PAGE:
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I am programming a particle engine for a 3D game written in XNA. I was wondering if somebody could point me in the right direction or perhaps give me some pointers in making the particles collide with geometry in game. In essence, I want to be able to make a spark emitter that will bounce and collide down say, a cylindrical tube.

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Are you looking for engines that do this, how to manually implement it, or both? – The Communist Duck Oct 23 '10 at 12:03
I am making an engine to do this for me. – Dave Oct 23 '10 at 21:22

Particle mechanics isn't terribly difficult to understand in general, but there are some messy details.

The single biggest thing to remember is Truesdell's Axiom: "No two distinct masses may occupy the same point in space at the same point in time." Simulating particle dynamics is largely about creatively breaking that axiom, while still preserving physical plausibility.

There's several methods for enforcing non-penetration: measure differential inclusions, displacement based penalties, and velocity based restitution are fairly well developed computationally.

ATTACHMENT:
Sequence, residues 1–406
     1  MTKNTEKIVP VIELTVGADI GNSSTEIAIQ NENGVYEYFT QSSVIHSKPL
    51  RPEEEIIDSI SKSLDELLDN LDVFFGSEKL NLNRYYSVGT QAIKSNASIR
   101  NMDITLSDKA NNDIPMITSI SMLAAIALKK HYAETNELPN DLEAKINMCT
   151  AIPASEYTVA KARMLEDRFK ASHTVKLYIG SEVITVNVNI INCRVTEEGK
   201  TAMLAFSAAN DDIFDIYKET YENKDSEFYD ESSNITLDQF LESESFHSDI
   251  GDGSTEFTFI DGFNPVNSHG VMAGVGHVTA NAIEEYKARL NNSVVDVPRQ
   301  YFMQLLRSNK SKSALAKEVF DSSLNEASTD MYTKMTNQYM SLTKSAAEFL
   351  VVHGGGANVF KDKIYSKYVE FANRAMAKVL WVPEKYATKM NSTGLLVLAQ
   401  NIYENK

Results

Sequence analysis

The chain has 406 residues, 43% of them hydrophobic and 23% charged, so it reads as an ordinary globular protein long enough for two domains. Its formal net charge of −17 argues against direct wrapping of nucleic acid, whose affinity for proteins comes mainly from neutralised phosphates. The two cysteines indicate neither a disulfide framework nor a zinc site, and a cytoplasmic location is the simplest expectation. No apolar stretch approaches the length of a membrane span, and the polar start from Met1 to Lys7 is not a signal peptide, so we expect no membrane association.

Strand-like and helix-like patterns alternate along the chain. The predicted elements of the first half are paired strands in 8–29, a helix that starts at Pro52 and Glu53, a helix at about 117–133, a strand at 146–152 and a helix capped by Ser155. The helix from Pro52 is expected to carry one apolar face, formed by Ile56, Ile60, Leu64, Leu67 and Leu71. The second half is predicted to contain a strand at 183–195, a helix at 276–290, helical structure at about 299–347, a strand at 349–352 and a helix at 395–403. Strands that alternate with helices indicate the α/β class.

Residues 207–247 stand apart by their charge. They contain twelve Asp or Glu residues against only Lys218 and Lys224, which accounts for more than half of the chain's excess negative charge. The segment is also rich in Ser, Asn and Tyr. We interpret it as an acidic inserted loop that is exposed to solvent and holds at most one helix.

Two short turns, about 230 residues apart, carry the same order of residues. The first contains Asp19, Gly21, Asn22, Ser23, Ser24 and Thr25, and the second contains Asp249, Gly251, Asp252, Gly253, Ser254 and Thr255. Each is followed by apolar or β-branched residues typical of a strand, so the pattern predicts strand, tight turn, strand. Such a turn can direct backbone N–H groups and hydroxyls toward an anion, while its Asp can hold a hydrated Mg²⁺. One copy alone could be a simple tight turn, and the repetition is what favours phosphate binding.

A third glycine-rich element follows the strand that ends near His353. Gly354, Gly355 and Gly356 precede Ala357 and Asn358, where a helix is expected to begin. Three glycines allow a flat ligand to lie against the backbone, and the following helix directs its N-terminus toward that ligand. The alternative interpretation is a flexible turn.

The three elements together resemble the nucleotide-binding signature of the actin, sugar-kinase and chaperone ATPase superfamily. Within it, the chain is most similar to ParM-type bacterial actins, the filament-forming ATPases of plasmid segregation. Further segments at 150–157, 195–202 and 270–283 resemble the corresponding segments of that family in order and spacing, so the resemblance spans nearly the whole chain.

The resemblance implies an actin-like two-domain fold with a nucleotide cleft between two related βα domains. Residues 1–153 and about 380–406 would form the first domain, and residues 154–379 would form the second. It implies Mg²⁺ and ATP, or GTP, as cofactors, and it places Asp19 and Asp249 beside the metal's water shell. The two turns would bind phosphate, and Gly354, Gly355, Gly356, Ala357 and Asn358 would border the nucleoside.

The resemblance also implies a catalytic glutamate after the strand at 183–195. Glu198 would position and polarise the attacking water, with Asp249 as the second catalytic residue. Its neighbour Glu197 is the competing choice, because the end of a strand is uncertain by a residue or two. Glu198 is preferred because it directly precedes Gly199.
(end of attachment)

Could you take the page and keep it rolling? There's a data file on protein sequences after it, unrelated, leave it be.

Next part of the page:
Since you're interested in gaming, I'd recommend focusing on restitution-based methods which produce diagonal systems of equations (i.e., you can solve them explicitly).

A good first reference for details is "D. Baraff, Dynamic Simulation of Non-Penetrating Rigid Bodies, (Ph. D thesis), Technical Report 92-1275, Computer Science Department, Cornell University, 1992."

I would start with Baraff's work and either Bullet or O.D.E. Work in parallel between theory and code.

Also, if you can find papers on Distinct Element Method by Peter Cundall, you might find those an easier entry point.

Particle interaction is very rich. Don't expect overnight success, and you will have a lot of fun.

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For 3d physics, you can use 3D Physics Engines as Bullet, Newton or O.D.E. It is probably at first sight overhead... but you can use it for many great effects or add physic in your gameplay.

You can use PAL to abstract the Physics Engine.

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O.D.E is the same link as bullet, but I understand the idea. – Dave Oct 23 '10 at 21:23

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